Now as I said, I make no claim to being able to determine which side has the 'right' answer, but I did make a little attempt in looking up some of this information. I'm in the process of trying to get my hands on the NY Medical Journal articles that Barry says he is happy to fax to anyone (alas, my fax is not working, so I'm asking a third party to help. I hope to get this information soon!)
Where I did have some success, is the straightforward approach of looking at the bibliography that is available for download here. To be honest I was a little intimidated by this 76 page 1,144 item list, as Barry said, but on further reflection, I took the simple approach of searching for the word 'Chicago'. What I was looking for was something that might look like primary data, to determine where Markel et al might have gotten their information. Out of the 22 results returned, I found these two listed:
J. D. Robertson, Report and handbook of the department of health of the city of Chicago for the years 1911 to 1918 inclusive (Chicago, 1919).
J. D. Robertson, Report of the department of health of the city of Chicago for the years 1919, 1920, and 1921 (Chicago, 1923).
What is interesting is that at least the first of these 2 documents appear to also be the source of data for the PNAS study by Hatchett et al. The supporting information for that paper can be found here. If you scroll down that page, you will find that for the city of Chicago, the PNAS authors had used the same document for the dates of intervention for the following:
- reportable disease
- Dance halls
- other closures
- private funerals
- protective sequestration
- ban on public gatherings.
Now this doesn't give us the dates in and of itself, but it does suggest to me that there IS an official source of information available giving detailed accounts of the type of intervention and the date of implementation, at least for the city of Chicago.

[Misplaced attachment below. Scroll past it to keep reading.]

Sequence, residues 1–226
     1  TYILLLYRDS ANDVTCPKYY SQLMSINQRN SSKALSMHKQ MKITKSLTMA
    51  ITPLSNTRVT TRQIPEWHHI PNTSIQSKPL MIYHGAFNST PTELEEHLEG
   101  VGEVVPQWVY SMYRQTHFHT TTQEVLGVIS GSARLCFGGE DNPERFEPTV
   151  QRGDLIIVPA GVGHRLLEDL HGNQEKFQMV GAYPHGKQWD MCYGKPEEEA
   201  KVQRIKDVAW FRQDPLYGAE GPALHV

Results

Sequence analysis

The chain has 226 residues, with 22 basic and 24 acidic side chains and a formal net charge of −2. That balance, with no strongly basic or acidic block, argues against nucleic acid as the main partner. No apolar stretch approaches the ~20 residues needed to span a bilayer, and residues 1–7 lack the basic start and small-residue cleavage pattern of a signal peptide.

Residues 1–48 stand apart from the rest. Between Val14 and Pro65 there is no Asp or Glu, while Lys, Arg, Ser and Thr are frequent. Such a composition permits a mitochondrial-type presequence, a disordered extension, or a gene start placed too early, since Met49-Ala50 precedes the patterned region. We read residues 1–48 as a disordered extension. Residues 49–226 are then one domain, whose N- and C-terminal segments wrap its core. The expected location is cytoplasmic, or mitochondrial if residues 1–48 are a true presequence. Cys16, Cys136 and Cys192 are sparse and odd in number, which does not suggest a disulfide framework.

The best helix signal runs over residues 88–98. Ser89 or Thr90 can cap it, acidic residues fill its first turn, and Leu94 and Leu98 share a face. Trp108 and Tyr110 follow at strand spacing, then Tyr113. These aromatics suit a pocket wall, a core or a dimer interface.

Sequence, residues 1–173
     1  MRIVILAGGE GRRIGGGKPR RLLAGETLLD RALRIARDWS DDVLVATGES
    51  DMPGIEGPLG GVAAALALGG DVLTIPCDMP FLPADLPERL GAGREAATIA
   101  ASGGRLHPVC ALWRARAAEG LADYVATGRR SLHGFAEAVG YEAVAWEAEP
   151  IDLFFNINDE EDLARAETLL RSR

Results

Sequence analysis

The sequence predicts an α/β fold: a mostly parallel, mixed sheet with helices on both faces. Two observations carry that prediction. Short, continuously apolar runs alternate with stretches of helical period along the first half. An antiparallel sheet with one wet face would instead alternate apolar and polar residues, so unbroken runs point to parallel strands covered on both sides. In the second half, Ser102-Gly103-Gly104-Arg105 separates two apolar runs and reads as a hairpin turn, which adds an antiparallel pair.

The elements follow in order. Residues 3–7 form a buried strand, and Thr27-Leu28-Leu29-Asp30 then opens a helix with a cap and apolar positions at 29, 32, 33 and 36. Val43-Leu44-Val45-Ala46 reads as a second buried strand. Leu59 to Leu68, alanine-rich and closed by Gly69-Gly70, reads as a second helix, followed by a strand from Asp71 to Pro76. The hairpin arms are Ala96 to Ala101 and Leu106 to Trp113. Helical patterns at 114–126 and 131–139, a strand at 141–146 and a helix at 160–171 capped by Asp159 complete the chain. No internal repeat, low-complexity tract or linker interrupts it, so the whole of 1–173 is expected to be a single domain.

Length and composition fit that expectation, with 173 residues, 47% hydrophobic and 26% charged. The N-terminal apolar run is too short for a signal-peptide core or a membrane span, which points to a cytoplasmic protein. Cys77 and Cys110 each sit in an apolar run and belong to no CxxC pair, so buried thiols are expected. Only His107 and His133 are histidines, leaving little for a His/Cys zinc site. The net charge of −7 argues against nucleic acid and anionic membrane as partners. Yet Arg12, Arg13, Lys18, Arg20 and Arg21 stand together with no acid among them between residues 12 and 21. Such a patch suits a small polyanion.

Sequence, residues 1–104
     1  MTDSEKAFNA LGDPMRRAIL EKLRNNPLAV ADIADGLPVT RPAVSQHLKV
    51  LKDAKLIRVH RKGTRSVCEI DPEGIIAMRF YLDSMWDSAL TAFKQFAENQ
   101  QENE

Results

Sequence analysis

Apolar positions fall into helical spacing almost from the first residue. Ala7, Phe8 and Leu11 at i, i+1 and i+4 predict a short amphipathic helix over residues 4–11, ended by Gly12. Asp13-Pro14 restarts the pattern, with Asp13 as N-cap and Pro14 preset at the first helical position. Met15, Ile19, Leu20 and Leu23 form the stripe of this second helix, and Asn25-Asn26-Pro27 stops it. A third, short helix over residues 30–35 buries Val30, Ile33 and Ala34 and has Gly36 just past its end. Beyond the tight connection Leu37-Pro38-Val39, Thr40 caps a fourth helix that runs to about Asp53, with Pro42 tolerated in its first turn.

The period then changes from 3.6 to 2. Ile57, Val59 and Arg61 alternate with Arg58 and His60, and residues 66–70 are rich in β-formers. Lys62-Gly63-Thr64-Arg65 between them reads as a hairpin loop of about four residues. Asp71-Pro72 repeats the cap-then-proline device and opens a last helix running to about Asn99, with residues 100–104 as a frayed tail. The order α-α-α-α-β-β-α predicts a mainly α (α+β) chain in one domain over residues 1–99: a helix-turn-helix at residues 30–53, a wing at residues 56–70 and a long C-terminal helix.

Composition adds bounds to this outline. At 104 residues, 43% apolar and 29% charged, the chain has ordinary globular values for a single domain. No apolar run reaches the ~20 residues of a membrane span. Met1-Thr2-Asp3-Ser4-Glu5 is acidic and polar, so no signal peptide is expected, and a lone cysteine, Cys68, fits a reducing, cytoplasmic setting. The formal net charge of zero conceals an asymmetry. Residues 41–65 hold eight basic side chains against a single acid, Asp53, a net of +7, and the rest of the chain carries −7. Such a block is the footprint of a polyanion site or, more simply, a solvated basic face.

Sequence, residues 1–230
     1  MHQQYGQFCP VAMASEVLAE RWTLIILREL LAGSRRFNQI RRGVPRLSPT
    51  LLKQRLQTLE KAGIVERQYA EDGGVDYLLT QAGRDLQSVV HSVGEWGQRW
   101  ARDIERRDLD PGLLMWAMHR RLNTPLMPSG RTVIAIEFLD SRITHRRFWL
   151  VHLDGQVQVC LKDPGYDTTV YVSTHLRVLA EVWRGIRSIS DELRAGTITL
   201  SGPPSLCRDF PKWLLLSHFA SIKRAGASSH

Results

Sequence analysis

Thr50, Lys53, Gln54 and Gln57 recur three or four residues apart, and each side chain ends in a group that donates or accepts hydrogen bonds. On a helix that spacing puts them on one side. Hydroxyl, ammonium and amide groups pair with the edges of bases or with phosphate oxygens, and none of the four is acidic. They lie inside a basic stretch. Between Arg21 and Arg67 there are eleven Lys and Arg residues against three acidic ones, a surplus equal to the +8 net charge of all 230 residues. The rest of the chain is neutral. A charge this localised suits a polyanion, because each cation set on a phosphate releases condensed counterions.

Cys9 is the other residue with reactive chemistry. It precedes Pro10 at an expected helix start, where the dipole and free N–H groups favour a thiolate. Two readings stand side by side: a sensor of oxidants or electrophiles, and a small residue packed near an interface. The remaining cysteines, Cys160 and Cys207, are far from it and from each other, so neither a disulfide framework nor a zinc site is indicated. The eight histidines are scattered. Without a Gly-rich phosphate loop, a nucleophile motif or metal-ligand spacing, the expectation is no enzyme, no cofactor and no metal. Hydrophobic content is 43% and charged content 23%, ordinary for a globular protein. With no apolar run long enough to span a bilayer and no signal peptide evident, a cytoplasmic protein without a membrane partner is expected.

Where does this leave us? Frankly at this point I'm not too sure. Because the issue under debate appears on the surface to be about whether or not NY or Chicago implemented the measures as Markel suggested, or whether these cities had milder outbreaks because they had an earlier spring wave as Barry suggested. BTW, the CDC link does give us some really cool stuff, like this, which when you open it up is just a treasure-trove of information laid out perfectly for someone who is very visual like me. Because it is one thing to read this in the paper
We found no statistically significant association of the EDR across the 43 cities when comparing successive waves. Specifically, the severity or occurrence of wave 1 is not associated, either positively or negatively, with the severity of wave 2; the severity of wave 2 is not associated with the severity of wave 3; and the severity of wave 3 is not associated with the severity of wave 4 and quite another to just see it on a chart, like this
In addition, if we were to go back to the big picture, and look especially at what Osterholm is saying, the issue is not just about the accuracy of the data, but also about whether we think there is enough justification for the measures recommended by the CDC. As I said, I'm a firm supporter, so count me out for an unbiased opinion, but what I'm interested in really is where Osterholm and Barry stand with regards to school closure. Because, the fact of the matter is, in all the debate about the CMG, none of the other measures such as voluntary home isolation and voluntary home quarantine and general social distancing ever came under dispute. The focus was always on whether or not we should close schools early enough (before 1% AR is achieved) or wait till children start falling sick or maybe dying.
Because, CIDRAP is one of the most credible sources for pandemic information, read by many public health officials up and down the country who will make decisions about whether and how far they want to implement the CMG recommendations, and Osterholm is a highly respected figure. His opinion counts. If for whatever reason he finds it hard to support early school closure, it may or may not be representative of other powerful opinions that we hear less often from, but I have a feeling that we may be in deeper water than many of us are comfortable with. If for that reason alone, I hope this controversy is resolved sooner rather than later!
UPDATE John Barry's views on NPI, cross-posted here.
video-link to interview